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Sarsaparilla
Scientific classification
Kingdom: Plantae
(unranked): Angiosperms
(unranked): Monocots
Order: Liliales
Family: Smilacaceae
Genus: Smilax
Species: S. regelii
Binomial name
Smilax regelii
Killip & C.V.Morton
Synonyms

Smilax ornata Hook.f.

Sarsaparilla (pronounced /ˌsæspəˈrɪlə/ or /ˌsɑːspəˈrɪlə/), also known as Honduran Sarsaparilla or Jamaican Sarsaparilla(Smilax regelii), is a perennial trailing vine with prickly stems that is native to Central America.[1] Its name (which is zarzaparrilla in Spanish) comes from the Spanish words zarza for "shrub" and parrilla for "little grape vine."[2]

Contents

Characteristics

Sweet Sarsparilla (Smilax glyciphylla) is a vine native to East Australia.[3] It is sometimes confused with Native Sarsparilla (Hardenbergia violacea), an unrelated vine.[4]

Usage

Sarsaparilla is used as the basis for a soft drink sold for its taste, frequently of the same name, or called Sasparilla. It was also a common ingredient in old fashioned root beer, in conjunction with Sassafras, prior to the discovery of sassafras's health risks. [5]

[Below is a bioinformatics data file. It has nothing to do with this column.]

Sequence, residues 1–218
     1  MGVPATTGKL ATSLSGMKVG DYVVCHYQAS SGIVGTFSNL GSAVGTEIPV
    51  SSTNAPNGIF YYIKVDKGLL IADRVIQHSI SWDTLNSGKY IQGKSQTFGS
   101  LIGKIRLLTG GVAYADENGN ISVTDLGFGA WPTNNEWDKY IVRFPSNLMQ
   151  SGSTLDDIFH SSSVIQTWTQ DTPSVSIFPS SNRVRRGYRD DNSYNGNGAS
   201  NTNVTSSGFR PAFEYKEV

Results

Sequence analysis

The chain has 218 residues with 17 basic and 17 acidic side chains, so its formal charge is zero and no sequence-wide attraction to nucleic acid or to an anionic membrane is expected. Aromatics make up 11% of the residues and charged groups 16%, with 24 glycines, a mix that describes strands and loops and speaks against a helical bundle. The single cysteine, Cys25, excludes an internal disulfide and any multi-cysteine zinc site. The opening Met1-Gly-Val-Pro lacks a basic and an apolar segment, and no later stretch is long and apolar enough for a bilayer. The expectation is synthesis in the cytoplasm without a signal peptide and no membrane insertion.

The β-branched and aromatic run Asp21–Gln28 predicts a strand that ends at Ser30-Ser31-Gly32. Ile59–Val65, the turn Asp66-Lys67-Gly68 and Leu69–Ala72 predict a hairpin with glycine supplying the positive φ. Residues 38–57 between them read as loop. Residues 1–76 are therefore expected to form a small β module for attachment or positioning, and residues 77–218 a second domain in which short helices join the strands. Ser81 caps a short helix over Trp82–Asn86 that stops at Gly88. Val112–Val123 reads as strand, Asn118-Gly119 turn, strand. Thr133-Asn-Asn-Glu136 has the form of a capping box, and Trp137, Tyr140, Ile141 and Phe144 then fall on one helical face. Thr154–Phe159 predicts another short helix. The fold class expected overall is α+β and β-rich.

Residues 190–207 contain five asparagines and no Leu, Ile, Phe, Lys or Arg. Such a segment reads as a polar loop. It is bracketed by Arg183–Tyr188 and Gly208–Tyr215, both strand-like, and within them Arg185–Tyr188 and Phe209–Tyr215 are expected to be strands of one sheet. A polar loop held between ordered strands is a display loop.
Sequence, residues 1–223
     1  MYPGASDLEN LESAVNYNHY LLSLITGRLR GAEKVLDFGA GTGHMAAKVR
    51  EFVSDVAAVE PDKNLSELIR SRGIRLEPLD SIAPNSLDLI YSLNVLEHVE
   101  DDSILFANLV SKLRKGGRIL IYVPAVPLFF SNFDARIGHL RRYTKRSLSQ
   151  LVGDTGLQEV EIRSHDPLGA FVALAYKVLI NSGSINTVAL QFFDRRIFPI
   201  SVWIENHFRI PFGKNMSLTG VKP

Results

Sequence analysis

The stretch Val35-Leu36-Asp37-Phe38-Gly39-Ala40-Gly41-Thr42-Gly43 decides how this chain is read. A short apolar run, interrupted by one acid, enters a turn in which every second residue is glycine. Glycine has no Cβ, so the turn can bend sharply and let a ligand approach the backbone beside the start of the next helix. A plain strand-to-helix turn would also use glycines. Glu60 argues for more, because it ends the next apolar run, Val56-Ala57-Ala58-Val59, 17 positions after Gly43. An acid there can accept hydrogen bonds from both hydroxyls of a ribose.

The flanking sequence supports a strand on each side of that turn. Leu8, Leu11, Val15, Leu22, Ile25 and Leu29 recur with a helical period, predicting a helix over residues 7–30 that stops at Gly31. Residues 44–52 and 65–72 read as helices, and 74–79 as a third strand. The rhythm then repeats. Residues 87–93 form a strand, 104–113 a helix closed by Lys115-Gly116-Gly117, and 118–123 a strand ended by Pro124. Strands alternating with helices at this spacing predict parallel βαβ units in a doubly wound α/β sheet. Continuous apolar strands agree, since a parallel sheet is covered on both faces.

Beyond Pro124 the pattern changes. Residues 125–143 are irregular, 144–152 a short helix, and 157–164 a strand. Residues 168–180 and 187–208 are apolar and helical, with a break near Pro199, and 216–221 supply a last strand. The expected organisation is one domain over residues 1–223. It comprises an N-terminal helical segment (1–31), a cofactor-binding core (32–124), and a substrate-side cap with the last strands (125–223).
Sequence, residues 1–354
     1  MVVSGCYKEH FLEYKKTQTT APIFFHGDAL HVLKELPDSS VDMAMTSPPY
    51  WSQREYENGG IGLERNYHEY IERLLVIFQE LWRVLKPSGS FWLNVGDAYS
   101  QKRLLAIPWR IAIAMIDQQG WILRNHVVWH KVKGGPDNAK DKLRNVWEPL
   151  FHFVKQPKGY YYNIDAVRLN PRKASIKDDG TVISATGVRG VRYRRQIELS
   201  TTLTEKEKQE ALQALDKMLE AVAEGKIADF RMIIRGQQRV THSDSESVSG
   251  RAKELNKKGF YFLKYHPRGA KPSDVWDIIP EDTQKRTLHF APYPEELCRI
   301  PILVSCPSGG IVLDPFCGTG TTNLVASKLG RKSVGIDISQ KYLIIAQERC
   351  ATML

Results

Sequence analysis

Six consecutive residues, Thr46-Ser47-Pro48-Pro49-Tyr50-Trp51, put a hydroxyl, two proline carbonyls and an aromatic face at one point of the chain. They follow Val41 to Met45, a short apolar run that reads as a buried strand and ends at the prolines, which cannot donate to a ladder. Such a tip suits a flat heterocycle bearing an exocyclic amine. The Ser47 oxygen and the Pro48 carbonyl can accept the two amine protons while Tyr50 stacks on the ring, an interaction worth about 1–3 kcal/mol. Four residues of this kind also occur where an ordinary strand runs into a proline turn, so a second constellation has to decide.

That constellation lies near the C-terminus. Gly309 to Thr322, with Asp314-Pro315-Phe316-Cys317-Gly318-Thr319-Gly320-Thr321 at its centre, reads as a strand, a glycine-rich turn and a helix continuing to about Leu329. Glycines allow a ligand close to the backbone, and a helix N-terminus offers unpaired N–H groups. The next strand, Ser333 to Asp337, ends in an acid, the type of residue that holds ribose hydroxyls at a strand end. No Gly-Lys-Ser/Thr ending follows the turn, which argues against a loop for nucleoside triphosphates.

It was thought by Central Americans to have medicinal properties, and was a popular European treatment for syphilis when it was introduced from the New World. From 1820 to 1910, it was registered in the U.S. Pharmacopoeia as a treatment for syphilis (now recognized to be ineffective). Modern users claim that it is effective for eczema, psoriasis, arthritis, and leprosy, along with a variety of other complaints. [6] No peer reviewed research is available for these claims. However, there is peer reviewed research suggesting that it has anti-oxidant properties, like many other herbs. [7]

Sarsaparilla is not readily available in most countries, although many pubs and most major supermarket chains in Australia stock sarsaparilla flavored soft drinks. In America, the prevalent brand is Sioux City Sarsaparilla.[citation needed] In Taiwan, HeySong Sarsaparilla soda is also commonly available in convenience stores.

Sarsaparilla was a popular drink during the old west. (1820-1890's)[citation needed]

Polar Beverages bottles Sarsaparilla.

See also

References

External links

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